Only 25 million new numbers: Do-not-call? Few were to start with

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That 53.7 million phone numbers are listed on the Federal Trade Commission's do-not-call list comes as no surprise. The surprise is that more than half those numbers weren't being called anyway.

Now that telemarketers have cross-checked the national list with state and other do-not-call lists, the Direct Marketing Association and the American Teleservices Association said there is less disruption than expected because a large number of the nationally listed numbers weren't being called in the first place.

Some 8.4 million are cellphone numbers, according to one of the country's largest calling companies, Dial America Marketing, which did its check when there were 48.3 million numbers on the list. (It is currently illegal to call cellphones.) Another 2.3 million were already on the Direct Marketing Association's list of people expressing a preference not to be called. Another 11.6 million were on state lists and weren't being called. As many as 10 million numbers were never on lists of consumers' home residences, which means either that they are business numbers or unlisted consumer homes, neither of which were being called by companies looking for consumer purchases.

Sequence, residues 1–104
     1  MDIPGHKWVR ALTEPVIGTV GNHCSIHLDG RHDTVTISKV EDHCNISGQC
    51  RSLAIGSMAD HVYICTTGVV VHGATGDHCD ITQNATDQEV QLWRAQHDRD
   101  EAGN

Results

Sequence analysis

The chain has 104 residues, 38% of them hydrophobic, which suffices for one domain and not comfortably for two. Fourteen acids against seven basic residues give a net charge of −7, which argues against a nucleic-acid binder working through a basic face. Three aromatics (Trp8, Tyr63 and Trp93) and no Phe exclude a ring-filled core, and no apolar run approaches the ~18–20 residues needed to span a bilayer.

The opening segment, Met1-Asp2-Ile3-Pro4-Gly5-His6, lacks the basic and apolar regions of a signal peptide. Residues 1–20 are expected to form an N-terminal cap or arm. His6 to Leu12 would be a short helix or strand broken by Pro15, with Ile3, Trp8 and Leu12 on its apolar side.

Finally, another 4.9 million represent phone numbers Dial America said were already on its company-specific do-not-call lists.

Although there is some overlap, Dial America president-CEO Art Conway said his company found that about 25 million of the initial 48.3 million represented new sign-ups, certainly not a small amount, but less than originally expected.

"We have seen some difference in available leads," he said, but added that the company has seen no difference in buying patterns.

Though the effect of the new signup is somewhat less than feared, the associations said they are seeing effects in the number of calls being made, industry employment and in the number of new telemarketing campaigns being launched. They are also finding technical problems.

"A number of our folks blew up servers trying to download the FTC's list," said Tim Searcy, executive director of the ATA.

He said some consumers who complain about being called when they are on the list don't understand that they can be called because the marketer has an "existing business relationship" with the caller. He said he is also hearing from smaller businesses-insurance agents, real estate brokers and others-who didn't understand until recently the list applies to them too.

Fast Facts

8.4 million: Cellphone numbers on national list

2.3 million: Already on DMA's do-not-call list

11.6 million: Already on state do-not-call list.

10 million: Business numbers on federal list.

4.9 million: Already on company-specific do-not-call lists.

Source: Dial America Marketing

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